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Your source for CHS news


Your source for CHS news


    Students, teacher discuss benefits of recent student-led composting grant


    Junior Ashlyn Walker said she believes in composting and its benefits at home and at school. Through composting the amount of garbage sent to the landfill is reduced, she said, the organic matter is reused rather than dumped and it is recycled into a useful soil amendment.

    “Composting is really important for not just the school, but at homes and businesses as well,” she said. “Food waste makes up such a large percentage of waste around the country, and composting is a great way to use that food waste and repurpose it into multi-use soil.”

    Senior Julien Doty said he agreed with Walker about the many benefits that come with composting and its impact on other people.

    “Well for one, it will significantly reduce our carbon footprint so it’s a very great way to introduce sustainable actions and our student body to become familiar with sustainability,” he said.

    Recently, the Carmel Education Foundation (CEF) implemented a student-led grant this semester, and a $15,000 grant to compost in all schools will be implemented the following year through the Indiana Department of Environmental Management.

    “The grant was graciously given to us by CEF, and it supplies the funds for us to partner with a third-party composting company that collects almost 500 pounds of food waste every week,” Walker said. “The CCS district also applied for a grant through the Indiana Department of Environmental Management to expand composting to all schools in the district, and they won that grant. This will allow us to expand composting to the middle and elementary schools in the CCS district, and educate younger students about the importance of composting.”

    Doty said the Green Action Club (GAC) applied for and won the grant, and members have already started to use the funds to implement changes throughout the cafeterias.


    “The current composting program is being funded by a grant from CEF, and the Green Action Club led the whole process of applying for that grant,” he said. “We wrote some responses, some questions and created a short video explaining the benefits of composting. We applied for it and won the grant from CEF to fund behind-the-counter cafeteria composting. Every week they are collecting 64 gallons of food scraps.”

    Doty said this grant would bring a lot of awareness regarding composting, especially the many benefits that come with it.

    “One of our key parts of the composting program is to initiate or incorporate it into the curriculum,” he said. “Some health teachers are sharing presentations at GAC mainly detailing some of the benefits of composting, how it’s working at the school and how students can compost at home at their household. It’s just a very great way to get people informed about composting and how it can be a practice to reduce carbon emissions and achieve sustainability.”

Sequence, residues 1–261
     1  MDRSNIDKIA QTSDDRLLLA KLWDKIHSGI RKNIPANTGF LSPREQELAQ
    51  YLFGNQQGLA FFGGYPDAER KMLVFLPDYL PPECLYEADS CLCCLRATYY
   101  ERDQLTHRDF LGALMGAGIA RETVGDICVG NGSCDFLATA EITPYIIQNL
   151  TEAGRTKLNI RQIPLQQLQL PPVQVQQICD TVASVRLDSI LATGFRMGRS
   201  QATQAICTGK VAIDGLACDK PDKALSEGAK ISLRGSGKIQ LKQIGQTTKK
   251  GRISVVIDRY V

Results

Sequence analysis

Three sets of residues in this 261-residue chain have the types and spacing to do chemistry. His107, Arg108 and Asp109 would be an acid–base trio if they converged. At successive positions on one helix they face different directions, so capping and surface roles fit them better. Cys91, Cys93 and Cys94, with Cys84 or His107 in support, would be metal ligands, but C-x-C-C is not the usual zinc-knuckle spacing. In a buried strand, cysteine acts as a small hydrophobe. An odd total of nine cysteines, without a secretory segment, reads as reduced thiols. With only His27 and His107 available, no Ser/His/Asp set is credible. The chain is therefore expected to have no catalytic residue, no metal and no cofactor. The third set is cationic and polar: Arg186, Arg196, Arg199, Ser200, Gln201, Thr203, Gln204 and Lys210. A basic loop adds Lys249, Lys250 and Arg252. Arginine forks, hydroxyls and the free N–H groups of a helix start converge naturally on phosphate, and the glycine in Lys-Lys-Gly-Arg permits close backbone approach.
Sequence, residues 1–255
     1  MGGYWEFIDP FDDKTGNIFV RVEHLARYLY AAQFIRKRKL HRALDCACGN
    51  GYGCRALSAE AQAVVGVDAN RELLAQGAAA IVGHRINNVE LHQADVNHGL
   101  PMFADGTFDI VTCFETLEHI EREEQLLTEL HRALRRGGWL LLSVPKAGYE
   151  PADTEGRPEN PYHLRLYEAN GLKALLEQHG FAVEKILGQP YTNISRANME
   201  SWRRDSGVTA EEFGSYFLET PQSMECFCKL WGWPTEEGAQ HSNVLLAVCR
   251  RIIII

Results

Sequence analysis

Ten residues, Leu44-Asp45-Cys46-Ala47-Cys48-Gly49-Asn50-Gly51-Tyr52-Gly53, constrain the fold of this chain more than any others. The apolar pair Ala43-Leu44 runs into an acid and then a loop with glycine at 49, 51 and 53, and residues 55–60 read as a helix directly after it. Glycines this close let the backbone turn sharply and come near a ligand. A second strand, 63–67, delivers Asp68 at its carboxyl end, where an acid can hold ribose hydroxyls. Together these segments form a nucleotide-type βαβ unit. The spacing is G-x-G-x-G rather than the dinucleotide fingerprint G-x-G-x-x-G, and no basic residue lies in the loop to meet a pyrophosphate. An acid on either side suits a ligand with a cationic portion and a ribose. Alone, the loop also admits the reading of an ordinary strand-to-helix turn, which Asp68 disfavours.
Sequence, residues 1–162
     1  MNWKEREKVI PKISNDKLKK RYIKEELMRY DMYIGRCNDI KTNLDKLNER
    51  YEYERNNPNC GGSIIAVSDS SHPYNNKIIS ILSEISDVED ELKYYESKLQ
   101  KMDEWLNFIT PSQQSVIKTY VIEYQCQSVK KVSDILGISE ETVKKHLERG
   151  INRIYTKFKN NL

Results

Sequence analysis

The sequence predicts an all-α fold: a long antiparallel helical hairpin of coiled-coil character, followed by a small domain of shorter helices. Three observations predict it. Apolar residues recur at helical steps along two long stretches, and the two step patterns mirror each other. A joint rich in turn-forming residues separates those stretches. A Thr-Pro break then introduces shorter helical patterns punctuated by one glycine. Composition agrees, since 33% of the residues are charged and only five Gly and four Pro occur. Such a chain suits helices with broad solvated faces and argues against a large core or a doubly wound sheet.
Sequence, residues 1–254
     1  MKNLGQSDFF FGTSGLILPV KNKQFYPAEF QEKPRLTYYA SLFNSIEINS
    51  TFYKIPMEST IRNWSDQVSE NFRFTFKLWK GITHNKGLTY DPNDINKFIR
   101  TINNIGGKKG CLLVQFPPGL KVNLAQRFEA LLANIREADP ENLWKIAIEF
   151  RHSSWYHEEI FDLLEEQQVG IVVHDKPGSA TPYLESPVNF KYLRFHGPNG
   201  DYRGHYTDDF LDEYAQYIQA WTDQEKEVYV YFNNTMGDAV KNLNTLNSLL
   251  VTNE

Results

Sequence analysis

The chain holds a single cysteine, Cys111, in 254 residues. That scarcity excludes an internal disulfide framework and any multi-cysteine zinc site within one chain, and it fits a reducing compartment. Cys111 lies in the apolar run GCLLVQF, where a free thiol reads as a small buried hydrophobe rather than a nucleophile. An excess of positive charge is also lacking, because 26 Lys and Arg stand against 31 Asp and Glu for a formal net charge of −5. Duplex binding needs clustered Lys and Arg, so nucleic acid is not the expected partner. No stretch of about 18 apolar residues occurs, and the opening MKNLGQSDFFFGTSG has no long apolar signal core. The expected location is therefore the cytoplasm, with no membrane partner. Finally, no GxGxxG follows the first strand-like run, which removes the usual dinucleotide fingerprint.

CHS cafeteria staff prepare fruit and vegetable cups for student lunches. The organic food waste from their production, like apple cores and orange peels, is now composted rather than thrown away with the funds of the composting grant. (Maggie Meyer)

    Carey Anderson, GAC sponsor and computer science teacher, said there are two main goals for these composting grants.

    “Our CHS composting initiative has two parts. One, implement it in the main cafeteria, on the back end, food preparation side,” she said. “Two, educate staff and students about the benefits of composting.  This saves food waste from going to the normal trash and landfills. The compost can be used as soil for planting gardens or flowers.”

    Anderson said composting, especially at a large school such as this one, will have many significant benefits.

    “We have such a large student body with over 1,300 student lunches being served daily.  Just think about all that food waste we had before composting in our trash bins daily and weekly,” she said. “We are making a difference and other schools around Indiana can see this and hopefully follow in our footsteps.”

    Doty said there are many benefits that come with these grants, both long and short-term.

    “In the short-term, it’s a great way to minimize our waste and make sure we’re conscientious about how we are disposing of unconsumed materials,” he said. “In the long term, this program, even by the next school year, will expand to all 16 schools in the CCS district so every school will be having a fully operating cafeteria composting program.”

    Doty also said there are many individual things students can do to compost at school.

    “We plan to, by next school year, create some information flyers, detailing what can be composted,” he said. “For now that would be veggie scraps, fruit scraps and bread possibly. If it’s grown from the ground, it’s compost-bound.”

    Walker said she expects a lot of positive benefits from these grants and believes in the longevity of this project.

    CHS staff member is pictured preparing for the lunch periods. CHS is incorporating composting in their lunch rooms to reduce waste. (Maggie Meyer)

    “I see a lot of benefits coming from the implementation of composting at the school,” she said. “Not only will this new program help to make CHS a more sustainable school by reducing our wasted food, but with introducing composting in front of the counter (by students), we plan on educating students on the process of composting, why it’s important, and how they can make their own compost at home.”

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